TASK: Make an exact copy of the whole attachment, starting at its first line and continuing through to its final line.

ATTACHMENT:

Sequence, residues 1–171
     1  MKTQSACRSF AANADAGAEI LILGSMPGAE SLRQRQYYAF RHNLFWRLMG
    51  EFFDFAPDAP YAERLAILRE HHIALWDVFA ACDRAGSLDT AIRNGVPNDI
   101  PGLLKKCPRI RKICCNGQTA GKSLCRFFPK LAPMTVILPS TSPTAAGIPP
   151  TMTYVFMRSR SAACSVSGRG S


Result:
Sequence, residues 1–171
     1  MKTQSACRSF AANADAGAEI LILGSMPGAE SLRQRQYYAF RHNLFWRLMG
    51  EFFDFAPDAP YAERLAILRE HHIALWDVFA ACDRAGSLDT AIRNGVPNDI
   101  PGLLKKCPRI RKICCNGQTA GKSLCRFFPK LAPMTVILPS TSPTAAGIPP
   151  TMTYVFMRSR SAACSVSGRG S